Everything posted by Mark
Hi - just fixed a price with Moneycorps for moving money from my CA account to my Nationwide one. I'll presumably need to fax CA a letter to confirm my intention, and also phone them. Should I just say 'Je voudrais faire un virement de ma compte a une banque anglaise', or something like that, and then give the account numbers and Moneycorps ref no, or will they need something more? If anyone could post a form of words they've used in the past I'd be grateful.
Hi all, just to say all went well - Henry, 3.25 kilos, was born at 5.20ish Sunday afternoon, all well. Squidge's hippy credentials took something of a battering though, as she ended up filled with more drugs than a Rolling Stone, after stating in bold on her birth plan that she in no way wanted any artificial painkilling assistance. Perhaps I just put the TENS machine pads in the wrong places on her back - not sure.
need sleep now zzzzzz.....
Typical - just found what I was looking for. Will paste it here for info:
Where do I register my baby’s birth ?
The baby’s birth has to be registered at the mairie of the commune or arondissement (for Lyon, Paris, Marseille) he was born in. You have three working days from the day after the birth to register him. (weekends don’t count).
A lot of state hospitals deal with the registration process themselves. You give them the necessary paperwork and they send everything to the mairie. All you need to do is collect the updated livret de famille and the déclaration de naissance once they’re ready.
Who registers the birth?
The registration can to be done by the father, the mother or any person who was present at the birth
What paperwork do I need?
You need a medical certificate from the doctor or midwife who was present at the birth and the livret de famille (if you have one, otherwise proof of identity).
The “déclaration de naisance” includes the following information:
ðDate and place of birth
ðName (first names and surnames)
ðParents’ full names (this will be the mother’s maiden name)
ðParents’ birth dates
So you will probably need papers to prove all this. (Most of it is in the livret de famille if you have one.)
“My first birth was in a private clinique and they filled out the official birth form but dh had to to to the mairie to register the birth.”
“We filled out everything at the hospital and then DH just had to go and collect the livret de famille from the mairie a few days later - easy!!”
“I gave birth in a public hospital and it was all done by the hospital. We just filled in the form, handed over the livret de famille, and they did the rest. The livret came back in the post about a week or so later.”
"Our hospital filled in the livret de famille with new ds's details, and gave us a form to fill in which dh just had to take to the local mairie (not the town where we live, the town where the hospital is)."
What names can I use?
French law used to control the names you could give a baby, but now whatever name you choose has to be accepted by the registrar. If he considers that the name is detrimental to the child (eg a rude word or the name of a well-known politician) he can then contact the Procureur de la Republique who will get a Juge aux Affaires Familiales to make the final decision.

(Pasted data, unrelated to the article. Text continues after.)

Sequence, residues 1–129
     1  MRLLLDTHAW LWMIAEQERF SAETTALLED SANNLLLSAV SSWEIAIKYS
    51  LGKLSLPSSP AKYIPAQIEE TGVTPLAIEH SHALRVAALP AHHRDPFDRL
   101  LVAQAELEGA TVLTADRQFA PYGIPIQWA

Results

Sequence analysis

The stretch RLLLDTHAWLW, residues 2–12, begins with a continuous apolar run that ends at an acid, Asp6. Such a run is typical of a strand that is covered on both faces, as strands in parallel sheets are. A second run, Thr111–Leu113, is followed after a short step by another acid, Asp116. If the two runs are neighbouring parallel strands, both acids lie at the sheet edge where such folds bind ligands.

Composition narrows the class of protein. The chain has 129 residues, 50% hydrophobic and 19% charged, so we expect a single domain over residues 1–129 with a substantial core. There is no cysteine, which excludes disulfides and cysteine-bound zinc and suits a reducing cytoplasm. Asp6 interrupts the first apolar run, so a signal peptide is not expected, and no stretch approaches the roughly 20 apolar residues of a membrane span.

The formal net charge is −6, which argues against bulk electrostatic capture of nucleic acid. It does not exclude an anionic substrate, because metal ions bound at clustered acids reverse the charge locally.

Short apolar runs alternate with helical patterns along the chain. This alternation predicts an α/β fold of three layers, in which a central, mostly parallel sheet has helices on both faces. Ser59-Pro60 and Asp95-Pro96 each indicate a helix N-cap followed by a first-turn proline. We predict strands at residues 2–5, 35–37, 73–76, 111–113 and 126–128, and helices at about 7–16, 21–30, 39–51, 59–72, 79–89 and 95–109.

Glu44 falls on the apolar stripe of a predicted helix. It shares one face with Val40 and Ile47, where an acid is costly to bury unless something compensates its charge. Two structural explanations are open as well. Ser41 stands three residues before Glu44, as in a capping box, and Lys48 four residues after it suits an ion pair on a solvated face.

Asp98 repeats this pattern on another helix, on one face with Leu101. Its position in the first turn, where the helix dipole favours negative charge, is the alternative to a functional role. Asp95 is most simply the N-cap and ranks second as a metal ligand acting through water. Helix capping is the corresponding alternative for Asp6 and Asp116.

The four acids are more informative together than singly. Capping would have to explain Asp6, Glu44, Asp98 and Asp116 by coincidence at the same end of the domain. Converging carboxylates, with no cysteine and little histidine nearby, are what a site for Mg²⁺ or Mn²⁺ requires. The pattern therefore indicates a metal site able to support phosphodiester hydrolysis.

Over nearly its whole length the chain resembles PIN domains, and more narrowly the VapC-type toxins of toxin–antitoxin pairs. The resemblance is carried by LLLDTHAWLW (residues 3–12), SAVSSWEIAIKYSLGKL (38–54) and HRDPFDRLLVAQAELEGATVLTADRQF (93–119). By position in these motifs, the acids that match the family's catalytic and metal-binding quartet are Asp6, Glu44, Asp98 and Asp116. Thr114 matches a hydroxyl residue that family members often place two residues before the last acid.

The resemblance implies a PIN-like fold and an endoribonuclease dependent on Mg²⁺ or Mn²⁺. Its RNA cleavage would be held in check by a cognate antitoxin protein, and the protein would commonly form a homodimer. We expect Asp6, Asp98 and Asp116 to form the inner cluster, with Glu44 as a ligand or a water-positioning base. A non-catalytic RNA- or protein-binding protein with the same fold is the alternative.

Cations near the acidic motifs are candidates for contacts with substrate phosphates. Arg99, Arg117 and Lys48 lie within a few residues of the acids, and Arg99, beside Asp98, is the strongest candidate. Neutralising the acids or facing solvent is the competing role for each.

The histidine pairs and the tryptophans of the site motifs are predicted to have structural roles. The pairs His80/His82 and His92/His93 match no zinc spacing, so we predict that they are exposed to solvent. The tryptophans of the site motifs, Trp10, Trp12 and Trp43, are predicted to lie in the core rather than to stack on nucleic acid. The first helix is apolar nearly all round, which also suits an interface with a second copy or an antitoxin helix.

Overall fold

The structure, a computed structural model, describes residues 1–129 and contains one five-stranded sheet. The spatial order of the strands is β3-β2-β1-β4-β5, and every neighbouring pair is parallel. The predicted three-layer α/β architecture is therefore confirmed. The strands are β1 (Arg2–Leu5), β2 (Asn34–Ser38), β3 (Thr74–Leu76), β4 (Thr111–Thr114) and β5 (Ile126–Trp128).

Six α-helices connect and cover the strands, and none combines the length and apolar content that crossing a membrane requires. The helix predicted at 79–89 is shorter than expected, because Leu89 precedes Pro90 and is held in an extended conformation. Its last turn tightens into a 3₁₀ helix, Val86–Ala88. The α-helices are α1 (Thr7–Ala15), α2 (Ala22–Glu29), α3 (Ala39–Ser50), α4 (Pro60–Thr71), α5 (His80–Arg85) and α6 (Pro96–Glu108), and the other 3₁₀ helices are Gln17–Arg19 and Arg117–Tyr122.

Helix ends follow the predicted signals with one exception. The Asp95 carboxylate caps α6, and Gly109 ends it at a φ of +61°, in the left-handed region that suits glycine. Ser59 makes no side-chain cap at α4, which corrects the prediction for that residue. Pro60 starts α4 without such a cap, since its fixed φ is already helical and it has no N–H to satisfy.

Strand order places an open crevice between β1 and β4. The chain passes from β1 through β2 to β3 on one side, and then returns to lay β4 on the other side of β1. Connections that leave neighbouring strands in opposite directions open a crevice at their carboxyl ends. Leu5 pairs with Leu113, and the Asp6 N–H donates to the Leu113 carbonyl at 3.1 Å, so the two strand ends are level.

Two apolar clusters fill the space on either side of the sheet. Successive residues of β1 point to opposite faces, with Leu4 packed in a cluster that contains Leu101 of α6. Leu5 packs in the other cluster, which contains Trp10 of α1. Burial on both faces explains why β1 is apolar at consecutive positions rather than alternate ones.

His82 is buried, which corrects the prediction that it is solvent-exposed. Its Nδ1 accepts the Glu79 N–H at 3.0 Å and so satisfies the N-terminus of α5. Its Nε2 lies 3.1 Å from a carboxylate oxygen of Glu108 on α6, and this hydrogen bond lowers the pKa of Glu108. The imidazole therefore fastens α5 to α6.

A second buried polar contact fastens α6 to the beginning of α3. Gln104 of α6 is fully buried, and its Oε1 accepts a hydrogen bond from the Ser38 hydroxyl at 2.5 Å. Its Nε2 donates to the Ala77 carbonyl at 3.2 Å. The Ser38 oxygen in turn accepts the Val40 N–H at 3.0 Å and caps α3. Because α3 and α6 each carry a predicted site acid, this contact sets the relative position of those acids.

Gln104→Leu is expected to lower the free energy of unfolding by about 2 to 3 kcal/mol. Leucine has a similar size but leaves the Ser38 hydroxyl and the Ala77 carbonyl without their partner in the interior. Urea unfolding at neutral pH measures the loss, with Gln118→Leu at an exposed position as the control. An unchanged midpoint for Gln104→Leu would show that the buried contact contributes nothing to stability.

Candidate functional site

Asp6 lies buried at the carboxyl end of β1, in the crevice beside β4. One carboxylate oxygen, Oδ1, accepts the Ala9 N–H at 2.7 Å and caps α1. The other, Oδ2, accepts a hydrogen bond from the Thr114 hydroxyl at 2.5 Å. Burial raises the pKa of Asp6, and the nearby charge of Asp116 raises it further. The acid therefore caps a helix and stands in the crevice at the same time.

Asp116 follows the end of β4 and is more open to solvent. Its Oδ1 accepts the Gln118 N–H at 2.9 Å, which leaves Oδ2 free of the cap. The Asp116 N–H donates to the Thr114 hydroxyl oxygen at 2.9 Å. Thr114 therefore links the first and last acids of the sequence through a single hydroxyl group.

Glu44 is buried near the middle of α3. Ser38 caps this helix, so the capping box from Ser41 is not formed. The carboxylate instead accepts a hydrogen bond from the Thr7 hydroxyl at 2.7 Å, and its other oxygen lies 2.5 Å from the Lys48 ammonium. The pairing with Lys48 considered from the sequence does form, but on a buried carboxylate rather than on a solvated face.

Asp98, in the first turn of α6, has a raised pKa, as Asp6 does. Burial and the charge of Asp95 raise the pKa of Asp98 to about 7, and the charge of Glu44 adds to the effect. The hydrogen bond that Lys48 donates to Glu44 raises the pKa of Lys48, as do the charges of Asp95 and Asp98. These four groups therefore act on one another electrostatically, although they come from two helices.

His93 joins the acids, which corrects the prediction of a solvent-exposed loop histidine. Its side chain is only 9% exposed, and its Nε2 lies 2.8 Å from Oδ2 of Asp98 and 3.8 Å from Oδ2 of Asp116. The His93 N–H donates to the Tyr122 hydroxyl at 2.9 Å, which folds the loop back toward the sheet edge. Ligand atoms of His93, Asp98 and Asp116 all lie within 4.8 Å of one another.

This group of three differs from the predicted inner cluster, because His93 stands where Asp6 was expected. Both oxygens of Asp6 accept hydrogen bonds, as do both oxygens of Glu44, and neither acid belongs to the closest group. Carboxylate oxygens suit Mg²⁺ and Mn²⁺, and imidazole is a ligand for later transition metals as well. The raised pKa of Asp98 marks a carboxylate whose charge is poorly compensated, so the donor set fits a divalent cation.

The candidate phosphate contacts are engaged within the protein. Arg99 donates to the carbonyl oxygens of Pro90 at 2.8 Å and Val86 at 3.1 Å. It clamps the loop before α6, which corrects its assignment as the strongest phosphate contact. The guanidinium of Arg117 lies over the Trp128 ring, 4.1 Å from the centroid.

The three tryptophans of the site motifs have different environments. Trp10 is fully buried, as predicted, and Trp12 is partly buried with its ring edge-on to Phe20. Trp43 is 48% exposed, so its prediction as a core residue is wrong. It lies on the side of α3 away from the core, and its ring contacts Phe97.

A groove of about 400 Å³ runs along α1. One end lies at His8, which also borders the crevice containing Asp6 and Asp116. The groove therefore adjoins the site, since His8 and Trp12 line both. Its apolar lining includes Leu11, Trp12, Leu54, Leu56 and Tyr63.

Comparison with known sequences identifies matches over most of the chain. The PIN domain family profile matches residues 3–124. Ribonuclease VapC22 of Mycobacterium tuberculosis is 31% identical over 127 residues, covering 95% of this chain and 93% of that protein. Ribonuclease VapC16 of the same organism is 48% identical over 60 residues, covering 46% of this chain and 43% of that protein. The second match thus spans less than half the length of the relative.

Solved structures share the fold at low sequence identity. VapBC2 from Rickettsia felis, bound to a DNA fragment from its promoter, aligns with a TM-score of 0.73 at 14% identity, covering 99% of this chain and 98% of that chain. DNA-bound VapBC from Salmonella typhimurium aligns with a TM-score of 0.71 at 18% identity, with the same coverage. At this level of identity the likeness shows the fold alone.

If the parents are married, the baby will have his father’s surname. If they aren’t married, then he will have the surname of the first parent to acknowledge him. (This can be done before birth.)
What about registering with the British Embassy? (for British nationals)
Registering a birth with the Embassy, isn’t compulsory but it is considered proof of citizenship and means that the birth will be registered with the UK General Register Office. A consular birth certificate isn’t necessary to get a British passport, you will still need the French birth certificate. At the time of writing (summer 2004) registering a birth costs 88 Euros and each copy of the registration (i.e the birth certificate) costs 56 euros.
“We registered both children's births with the consulate, the reasoning being that we may or may not end up staying in France permanently (at the moment no plans to go back to the UK, but you never know). I felt it was an important part of my children's British heritage. Mind you it is an expensive luxury"
“I haven't bothered doing it, but maybe I would if there was a possibility of us ever going to live in the UK, that way they would have documents in English. Having a passport should be all that's needed to prove nationality.”
I'd be really grateful if someone could provide a list of the paperwork needed to take to the Mairie when registering a birth in France. Presumably the birth certificates of the parents feature somewhere, proof of residence?, utility bills?, carte vitale?, can't seem to find anything definitive.
Could someone tell me the French for "My partner's waters have broken, shall we come to the hospital", please?! Actually, should be ok with the second bit, but I don't remember my GCSE covering broken waters.
This is just prep, you understand, not an emergency.
Is there a French equivalent of that Parker's Guide thingy they have in England? I'm selling a car and haven't a clue what the price should be, so some sort of guide would be very useful.
Failing that, anyone want to buy a lovely little 206? I've looked after it very, very well.
My partner and I shall be watching the TdeF in the rarified atmosphere of the Col de Tourmalet in July. Does anyone know if there's a campsite nearer than Bareges? I know the area reasonably well but haven't noticed any camping on the higher slopes. Normally, we'd just doss down under a tent on the slopes of the col somewhere, but Mrs Me will be heavily pregnant by then and is therefore insisting on some degree of luxury, like water and stuff. A campsite - HA - I ask you!